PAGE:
Stefano Vitale, you are the head of the LISAPathfinder mission. As we say, the Principal Investigator, or PI. So the first question is, why LISAPathfinder? Why LISAPathfinder– that’s a good question. Well, you know these gravitational waves move bodies very far apart. They give very tiny push to bodies very far apart, and that’s the way we plan to detect them, observe them. And if you ask how much force is needed to move the particles, how much the equivalent force from a gravitational wave. Well, you can think like that– if you have one of these masses in your hand, which is two kilos, if you add a bacterium, that’s the force of a gravitational wave.
And there’s no way you can test this and demonstrate that it is going to work in a ground-based laboratory. The gravity of the Earth is too strong. And so in the early days, when we were promoting the concept of flying a gravitational wave observatory, everybody says this is a fantastic idea, that’s beautiful technology. But how do you prove it? And so very soon, it was clear that we had to go into space to prove that this technique of detecting gravitational wave may work. The technique is, as I said, is that you take two bodies. We take two small cubes of gold platinum– they are very shiny and nice to see. We put them 5 million kilometres away.
And they are to be so quiet that if a ripple in space-time passes by, you see the motion. And everything else can move your test masses. And so, to try and see if all this is possible, we give away the 5 million kilometres, we put these two test masses in a satellite, and we look if we can make them so quiet, so still, one relative to the other, that we’re going to see gravitational waves once we build LISA.
So when did we get the idea? In the late ’90s, we proposed LISA to ESA, to the European Space Agency.
And very soon, we could see their insistance at flying something that is orders and orders of magnitude better than anything that has been done before. So in the late ’90s, we started to conceive what was a sufficient test that could convince the agency that this can work without too much risk. And so, we started in the late ’90s. We were very naive. We weren’t space people, so it took some time for us to understand how to do a mission like this. And it took some years, also for agencies and industry to understand what a mission like this is because it’s brand new. It’s a lot of new technologies– I would say ideas, right?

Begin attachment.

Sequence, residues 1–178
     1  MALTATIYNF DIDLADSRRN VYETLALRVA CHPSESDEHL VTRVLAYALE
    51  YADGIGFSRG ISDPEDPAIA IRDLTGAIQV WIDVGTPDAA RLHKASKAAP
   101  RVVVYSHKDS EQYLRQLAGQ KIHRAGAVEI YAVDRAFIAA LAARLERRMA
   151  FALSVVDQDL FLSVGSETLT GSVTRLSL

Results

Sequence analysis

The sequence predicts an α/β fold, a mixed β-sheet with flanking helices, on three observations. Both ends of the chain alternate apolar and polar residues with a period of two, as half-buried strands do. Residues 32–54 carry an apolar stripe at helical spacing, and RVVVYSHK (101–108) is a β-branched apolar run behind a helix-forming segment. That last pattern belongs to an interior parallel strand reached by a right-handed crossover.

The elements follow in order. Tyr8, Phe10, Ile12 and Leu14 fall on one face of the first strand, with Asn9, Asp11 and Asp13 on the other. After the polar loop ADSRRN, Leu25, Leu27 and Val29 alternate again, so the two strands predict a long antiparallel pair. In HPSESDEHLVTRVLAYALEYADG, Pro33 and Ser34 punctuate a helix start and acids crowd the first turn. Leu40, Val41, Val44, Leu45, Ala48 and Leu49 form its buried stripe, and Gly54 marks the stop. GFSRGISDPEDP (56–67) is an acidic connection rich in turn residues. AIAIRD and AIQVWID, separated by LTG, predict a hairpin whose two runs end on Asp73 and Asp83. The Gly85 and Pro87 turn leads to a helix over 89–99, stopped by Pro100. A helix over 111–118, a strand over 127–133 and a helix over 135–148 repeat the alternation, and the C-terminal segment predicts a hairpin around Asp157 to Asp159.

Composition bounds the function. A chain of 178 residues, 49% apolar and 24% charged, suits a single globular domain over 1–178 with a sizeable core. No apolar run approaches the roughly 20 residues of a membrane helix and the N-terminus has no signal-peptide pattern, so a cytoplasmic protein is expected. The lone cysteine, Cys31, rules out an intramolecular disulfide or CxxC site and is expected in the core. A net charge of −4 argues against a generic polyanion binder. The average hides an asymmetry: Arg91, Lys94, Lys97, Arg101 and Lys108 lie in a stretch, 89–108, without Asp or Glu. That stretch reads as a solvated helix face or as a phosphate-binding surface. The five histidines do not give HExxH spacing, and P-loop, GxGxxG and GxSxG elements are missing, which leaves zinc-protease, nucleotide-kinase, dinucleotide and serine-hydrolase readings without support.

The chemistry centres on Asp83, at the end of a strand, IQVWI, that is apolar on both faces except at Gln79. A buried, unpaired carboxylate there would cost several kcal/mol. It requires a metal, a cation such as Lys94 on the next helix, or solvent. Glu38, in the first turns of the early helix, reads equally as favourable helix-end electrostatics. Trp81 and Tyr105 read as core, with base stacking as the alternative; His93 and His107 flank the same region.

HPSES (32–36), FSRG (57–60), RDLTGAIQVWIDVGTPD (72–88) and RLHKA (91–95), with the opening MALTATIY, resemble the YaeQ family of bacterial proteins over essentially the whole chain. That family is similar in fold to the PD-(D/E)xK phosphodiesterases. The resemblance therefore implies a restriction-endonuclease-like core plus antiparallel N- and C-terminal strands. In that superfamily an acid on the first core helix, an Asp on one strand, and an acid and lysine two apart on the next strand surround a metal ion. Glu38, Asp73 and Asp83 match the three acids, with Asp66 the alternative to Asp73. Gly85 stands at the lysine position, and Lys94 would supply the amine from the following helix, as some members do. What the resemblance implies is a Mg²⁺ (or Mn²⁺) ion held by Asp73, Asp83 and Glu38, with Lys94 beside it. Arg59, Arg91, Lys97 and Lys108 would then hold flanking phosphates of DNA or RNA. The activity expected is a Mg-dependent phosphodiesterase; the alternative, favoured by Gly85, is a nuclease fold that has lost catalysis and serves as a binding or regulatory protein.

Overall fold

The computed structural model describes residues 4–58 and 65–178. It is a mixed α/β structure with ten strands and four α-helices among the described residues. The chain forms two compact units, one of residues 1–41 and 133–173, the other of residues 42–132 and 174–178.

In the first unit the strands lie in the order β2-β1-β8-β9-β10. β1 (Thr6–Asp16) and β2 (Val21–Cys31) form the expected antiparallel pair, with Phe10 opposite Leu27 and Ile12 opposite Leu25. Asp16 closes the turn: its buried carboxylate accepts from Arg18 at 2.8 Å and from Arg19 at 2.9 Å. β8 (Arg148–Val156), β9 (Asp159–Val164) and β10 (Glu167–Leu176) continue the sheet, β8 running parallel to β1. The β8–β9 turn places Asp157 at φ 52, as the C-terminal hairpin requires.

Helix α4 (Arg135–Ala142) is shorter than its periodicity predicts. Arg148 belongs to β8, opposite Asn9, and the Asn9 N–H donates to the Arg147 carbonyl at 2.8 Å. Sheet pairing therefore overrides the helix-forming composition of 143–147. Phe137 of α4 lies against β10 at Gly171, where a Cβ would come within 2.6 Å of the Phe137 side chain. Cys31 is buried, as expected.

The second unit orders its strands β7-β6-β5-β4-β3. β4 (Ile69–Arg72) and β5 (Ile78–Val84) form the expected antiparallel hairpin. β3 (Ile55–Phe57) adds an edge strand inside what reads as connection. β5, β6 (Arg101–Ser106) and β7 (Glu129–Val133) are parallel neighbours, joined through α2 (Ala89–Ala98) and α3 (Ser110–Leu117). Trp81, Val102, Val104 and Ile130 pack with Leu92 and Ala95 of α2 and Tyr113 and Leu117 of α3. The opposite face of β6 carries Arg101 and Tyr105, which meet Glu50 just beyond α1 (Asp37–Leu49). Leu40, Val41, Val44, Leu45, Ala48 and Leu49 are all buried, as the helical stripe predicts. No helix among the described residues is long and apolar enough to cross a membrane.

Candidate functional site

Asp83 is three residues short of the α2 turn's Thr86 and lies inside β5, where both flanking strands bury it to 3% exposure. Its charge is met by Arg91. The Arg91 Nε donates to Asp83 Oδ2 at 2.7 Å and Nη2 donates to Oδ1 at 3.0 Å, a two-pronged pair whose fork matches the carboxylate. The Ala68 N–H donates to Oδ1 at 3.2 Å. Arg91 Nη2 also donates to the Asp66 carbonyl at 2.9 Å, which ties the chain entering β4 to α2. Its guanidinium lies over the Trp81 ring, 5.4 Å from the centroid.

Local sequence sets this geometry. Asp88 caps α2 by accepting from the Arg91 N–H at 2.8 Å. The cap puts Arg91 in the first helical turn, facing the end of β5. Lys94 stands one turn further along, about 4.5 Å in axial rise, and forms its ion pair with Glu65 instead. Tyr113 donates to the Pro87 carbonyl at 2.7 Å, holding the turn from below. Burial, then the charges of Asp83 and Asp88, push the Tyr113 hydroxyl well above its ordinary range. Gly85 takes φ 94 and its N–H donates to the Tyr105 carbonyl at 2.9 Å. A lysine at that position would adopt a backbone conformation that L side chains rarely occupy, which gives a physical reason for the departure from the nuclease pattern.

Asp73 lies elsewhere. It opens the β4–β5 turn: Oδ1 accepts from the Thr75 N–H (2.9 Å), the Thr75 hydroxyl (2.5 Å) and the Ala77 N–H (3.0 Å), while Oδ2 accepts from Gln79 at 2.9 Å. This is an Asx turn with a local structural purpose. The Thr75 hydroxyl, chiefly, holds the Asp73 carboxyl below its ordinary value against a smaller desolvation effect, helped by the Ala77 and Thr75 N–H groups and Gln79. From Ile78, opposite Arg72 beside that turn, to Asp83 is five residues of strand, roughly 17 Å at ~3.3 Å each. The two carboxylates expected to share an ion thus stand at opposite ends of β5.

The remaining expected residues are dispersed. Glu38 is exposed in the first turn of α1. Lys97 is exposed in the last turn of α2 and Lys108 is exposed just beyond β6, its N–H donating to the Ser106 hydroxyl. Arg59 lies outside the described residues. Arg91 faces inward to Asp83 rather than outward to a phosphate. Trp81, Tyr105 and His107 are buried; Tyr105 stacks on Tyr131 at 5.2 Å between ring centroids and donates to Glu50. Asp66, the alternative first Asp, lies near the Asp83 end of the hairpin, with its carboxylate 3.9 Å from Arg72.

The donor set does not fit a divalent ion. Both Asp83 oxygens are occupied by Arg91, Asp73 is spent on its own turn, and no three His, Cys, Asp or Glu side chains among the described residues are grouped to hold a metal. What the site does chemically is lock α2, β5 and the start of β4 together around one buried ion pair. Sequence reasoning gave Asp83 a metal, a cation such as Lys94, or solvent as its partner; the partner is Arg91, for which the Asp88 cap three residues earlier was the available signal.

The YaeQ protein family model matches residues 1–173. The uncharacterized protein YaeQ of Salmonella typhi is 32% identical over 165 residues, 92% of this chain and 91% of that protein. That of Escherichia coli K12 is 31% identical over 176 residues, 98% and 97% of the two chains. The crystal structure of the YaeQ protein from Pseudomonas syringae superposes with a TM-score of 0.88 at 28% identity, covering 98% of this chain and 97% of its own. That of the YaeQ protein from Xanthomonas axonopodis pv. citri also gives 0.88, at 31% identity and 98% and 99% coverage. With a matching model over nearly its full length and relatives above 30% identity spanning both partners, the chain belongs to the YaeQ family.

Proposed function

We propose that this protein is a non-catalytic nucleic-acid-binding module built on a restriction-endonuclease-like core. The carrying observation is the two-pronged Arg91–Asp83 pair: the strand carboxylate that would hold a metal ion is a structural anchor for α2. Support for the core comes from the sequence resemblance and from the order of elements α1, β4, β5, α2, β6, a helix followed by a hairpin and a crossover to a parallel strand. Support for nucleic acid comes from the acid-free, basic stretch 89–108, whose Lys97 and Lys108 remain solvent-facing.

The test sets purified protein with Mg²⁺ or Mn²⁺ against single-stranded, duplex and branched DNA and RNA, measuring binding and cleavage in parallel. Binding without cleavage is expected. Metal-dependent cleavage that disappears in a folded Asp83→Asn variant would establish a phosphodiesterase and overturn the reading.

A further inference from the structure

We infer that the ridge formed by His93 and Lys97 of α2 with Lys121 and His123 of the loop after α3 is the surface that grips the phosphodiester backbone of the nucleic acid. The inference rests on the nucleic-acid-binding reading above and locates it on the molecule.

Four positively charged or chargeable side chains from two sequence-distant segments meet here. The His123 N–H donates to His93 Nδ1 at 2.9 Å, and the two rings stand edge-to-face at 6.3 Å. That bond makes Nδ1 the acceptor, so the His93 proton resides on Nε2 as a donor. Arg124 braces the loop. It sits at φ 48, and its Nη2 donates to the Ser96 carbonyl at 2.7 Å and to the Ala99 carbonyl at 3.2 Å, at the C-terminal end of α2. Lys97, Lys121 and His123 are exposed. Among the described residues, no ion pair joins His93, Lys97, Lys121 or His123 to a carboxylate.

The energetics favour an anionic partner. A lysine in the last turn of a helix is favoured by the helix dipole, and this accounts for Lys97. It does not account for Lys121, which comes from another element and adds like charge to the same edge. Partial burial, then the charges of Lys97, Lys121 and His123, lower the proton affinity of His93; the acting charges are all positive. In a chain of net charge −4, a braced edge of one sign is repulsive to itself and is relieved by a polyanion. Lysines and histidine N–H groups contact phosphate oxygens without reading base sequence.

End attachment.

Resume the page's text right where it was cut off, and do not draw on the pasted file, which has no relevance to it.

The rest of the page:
A lot of new ideas, a lot of new knowledge that you have to learn before you make something sensible. Not everything worked out as planned. And actually, we had some suffering. But I would say we’re now– I would say now, it was worth it. It was all worth it.
Well, you know, roughly a month and a half ago, this baby, the satellite, and its propulsion module– the little rocket used to send it into planetary orbit– was shipped from Europe to Kourou, to the spaceport we are in.
That was risky, right? You take 15 years of work, put it in the truck, then put it in an airplane, and move elsewhere. But everything worked well. And so, in the last months, what the team has done here is put the satellite on the rocket– I mean, built up the rocket, put the satellite in the rocket. And this is the work which is still going on and will go on until the fatidic night of the launch, which is coming soon.
So the idea behind LISAPathfinder is the following. You take two test masses, call them 1 and 2, and put them within a satellite. And what you want to do is to measure the distance between the two satellites. You need to put them within a satellite. Because if they’re floating in space, you would have an influence of the solar pressure, for example, that would push these masses. And this solar pressure will not correspond to gravitational forces. So if there is solar pressure, this acts on the satellite, which acts as a shield. And this will modify the distance between the satellite and test mass 1.
And when this difference in the position is modified, then we act on microthrusters in order to put back the satellite in the proper position so that test mass 1 is centred in its housing. Once this is done, then we can proceed with a measurement of distance d12, and this has to be kept to within a precision of the order of one picometer. And this is what LISAPathfinder wants to measure.
Once all the equipment have been integrated within the satellite, a final step is to test that the satellite is behaving correctly, and that the performances are at the level expected by all the scientists and engineers. The first test is to check that all the equipment have the adequate temperature for a proper function. Actually, in space, the temperature is not cold or hot. It is a subtile equilibrium between the different heat sources that are in space, namely, the Sun, the Earth, the dark sky, and the heat generated by the satellite itself.